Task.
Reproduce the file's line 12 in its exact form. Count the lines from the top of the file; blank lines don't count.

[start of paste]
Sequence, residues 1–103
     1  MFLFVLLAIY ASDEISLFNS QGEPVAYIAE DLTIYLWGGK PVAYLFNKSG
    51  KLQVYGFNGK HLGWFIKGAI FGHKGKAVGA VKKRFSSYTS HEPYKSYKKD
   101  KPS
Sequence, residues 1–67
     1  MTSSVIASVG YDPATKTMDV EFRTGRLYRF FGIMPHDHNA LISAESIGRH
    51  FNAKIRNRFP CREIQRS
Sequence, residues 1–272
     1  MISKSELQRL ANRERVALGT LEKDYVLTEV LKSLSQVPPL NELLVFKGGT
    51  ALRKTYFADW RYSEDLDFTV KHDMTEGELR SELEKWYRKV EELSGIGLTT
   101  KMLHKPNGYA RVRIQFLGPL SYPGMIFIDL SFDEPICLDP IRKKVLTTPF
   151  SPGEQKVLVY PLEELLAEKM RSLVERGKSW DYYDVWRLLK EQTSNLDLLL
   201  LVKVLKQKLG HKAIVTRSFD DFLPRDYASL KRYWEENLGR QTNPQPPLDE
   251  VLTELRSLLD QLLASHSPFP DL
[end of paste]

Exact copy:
   151  SPGEQKVLVY PLEELLAEKM RSLVERGKSW DYYDVWRLLK EQTSNLDLLL